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China's stock rollercoaster: Policy pledges and investor anxiety

China's stock rollercoaster: Policy pledges and investor anxiety

In the midst of another tumultuous trading session on Monday, Chinese stocks grappled with heightened volatility, building on the previous week's market upheaval. Investors found themselves at the crossroads of uncertainty as they carefully evaluated the latest assurances from policymakers aimed at stabilizing the beleaguered equity market.

Within the market landscape, the small-cap shares segment bore the brunt of the turbulence, with the CSI 1000 Index witnessing a substantial intraday plunge of over 8%. The morning session saw a staggering 984 members of the index experiencing declines. The broader market indices also reflected this unease, with the CSI 300 benchmark initially facing a 2.1% drop before staging a recovery, and the Shanghai Composite Index managing to halve its earlier 1.8% decline as we read in Finance.

The economic backdrop reveals a stark reality, with approximately $7 trillion being wiped off the combined value of equities in China and Hong Kong since their peaks in early 2021. A protracted property downturn, lackluster economic data, and geopolitical tensions with the United States have collectively fueled this downward trajectory.

Investors now find themselves contending with the looming specters of margin calls and forced liquidation, heightened by the fact that the recent pledge of support from authorities lacked specific details on how they intend to navigate the ongoing market tumult.

Ken Wong, an Asian equity portfolio specialist at Eastspring Investments, sheds light on the mounting pressure faced by medium and small caps. Some investors had placed bets on increased national team support for larger caps, resulting in a shift in trading dynamics. Popular trades, such as going long on CSI 300 and short on CSI 500 and CSI 1000, have further contributed to the complex challenges confronting the market.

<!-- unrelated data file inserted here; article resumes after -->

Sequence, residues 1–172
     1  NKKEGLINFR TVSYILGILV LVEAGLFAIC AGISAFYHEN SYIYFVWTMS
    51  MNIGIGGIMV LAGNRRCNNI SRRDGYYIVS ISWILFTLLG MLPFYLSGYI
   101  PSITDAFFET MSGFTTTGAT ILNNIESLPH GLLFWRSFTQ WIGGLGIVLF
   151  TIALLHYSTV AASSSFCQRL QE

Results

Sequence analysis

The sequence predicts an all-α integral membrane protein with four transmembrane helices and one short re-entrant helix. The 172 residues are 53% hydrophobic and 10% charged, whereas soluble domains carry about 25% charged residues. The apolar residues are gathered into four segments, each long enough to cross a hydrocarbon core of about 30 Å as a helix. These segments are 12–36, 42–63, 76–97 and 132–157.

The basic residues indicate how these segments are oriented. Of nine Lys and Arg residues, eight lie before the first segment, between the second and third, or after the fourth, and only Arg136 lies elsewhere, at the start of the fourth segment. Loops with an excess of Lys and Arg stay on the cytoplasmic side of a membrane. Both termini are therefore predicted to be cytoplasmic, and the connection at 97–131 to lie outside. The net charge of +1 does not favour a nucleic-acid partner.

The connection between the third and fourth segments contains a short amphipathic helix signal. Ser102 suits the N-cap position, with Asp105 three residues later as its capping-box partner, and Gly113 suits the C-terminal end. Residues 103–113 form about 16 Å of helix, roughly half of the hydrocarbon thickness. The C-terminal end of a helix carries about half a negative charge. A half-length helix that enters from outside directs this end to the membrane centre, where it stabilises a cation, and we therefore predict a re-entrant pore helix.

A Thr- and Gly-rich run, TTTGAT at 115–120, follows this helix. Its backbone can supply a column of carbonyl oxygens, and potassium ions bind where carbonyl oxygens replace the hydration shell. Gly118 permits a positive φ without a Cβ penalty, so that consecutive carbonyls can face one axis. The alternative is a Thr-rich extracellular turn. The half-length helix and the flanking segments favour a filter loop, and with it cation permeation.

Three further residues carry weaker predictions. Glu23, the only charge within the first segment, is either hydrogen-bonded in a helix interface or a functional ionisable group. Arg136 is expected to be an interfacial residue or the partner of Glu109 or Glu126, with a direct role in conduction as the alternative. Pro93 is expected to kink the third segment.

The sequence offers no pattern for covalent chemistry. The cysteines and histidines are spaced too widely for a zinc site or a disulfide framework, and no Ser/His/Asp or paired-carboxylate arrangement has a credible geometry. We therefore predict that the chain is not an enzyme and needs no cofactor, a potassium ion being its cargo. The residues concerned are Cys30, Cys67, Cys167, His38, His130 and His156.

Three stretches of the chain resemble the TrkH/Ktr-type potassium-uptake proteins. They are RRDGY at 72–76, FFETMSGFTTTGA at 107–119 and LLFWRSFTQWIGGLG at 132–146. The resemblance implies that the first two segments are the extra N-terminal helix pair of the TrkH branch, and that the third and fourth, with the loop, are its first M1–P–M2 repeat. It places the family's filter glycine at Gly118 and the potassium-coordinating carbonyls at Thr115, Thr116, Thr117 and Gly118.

The CSI 1000 gauge, a crucial benchmark for derivatives, found itself under increased selling pressure as certain products reached knock-in levels, resulting in losses for investors.

The persistent market downturn has given rise to concerns about an impending wave of margin calls, with the fear that investors may face forced liquidation if they fail to replenish their margin trading accounts in a timely manner.

In response to these anxieties, the China Securities Regulatory Commission stepped forward on Sunday, pledging to prevent abnormal fluctuations. Their proposed measures include guiding more medium- and long-term funds into the market and cracking down on illegal activities such as malicious short selling and insider trading.

However, traders remain skeptical, having become accustomed to the government's incremental approach to stimulus in the past.

The recent surge in trading volume in select exchange-traded funds has fueled speculation about potential state fund intervention to support the market. Yet, historical trends suggest that such purchases may lack sustained impact, leaving the market participants grappling with uncertainty.

Amid this climate of economic uncertainty, some market participants interpret the sharp market movements as indicative of a potential market bottom. Ma Xuzhen, a fund manager at Longquan Investment Management, characterizes the current stage as the final leg of a selloff, suggesting that the market might be approaching its minimum.

Foreign funds briefly shifted to net buyers during the morning session, mirroring patterns observed on the preceding Friday. However, by the mid-day break, they reverted to withdrawing 729 million yuan ($101 million) of shares, highlighting the tentative and fluctuating nature of investor sentiment.

In a notable proposal amid the market turmoil, Liu Yuhui, an academic at a government think tank, advocates for the establishment of a stock stabilization fund. The primary objective would be to boost market confidence, with a suggested target fund size of 10 trillion yuan ($1.4 trillion) or more.

Expressing their frustrations in a novel way, thousands of investors turned to a social media account of the US embassy in Beijing to vent about the economy and the continuous descent of share prices.

This move underscores the challenges faced by Chinese internet users in finding a suitable platform to voice their grievances, given the restrictions imposed on official accounts of state agencies or media.

David Chao, a strategist at Invesco Asset Management, offers a perspective on the current situation, noting that it remains uncertain whether the current market conditions signify the bottom for Chinese equities.

Nevertheless, policymakers have signaled their reluctance to witness further declines, providing some investors with a glimmer of hope that the market may be on the path to stabilization.



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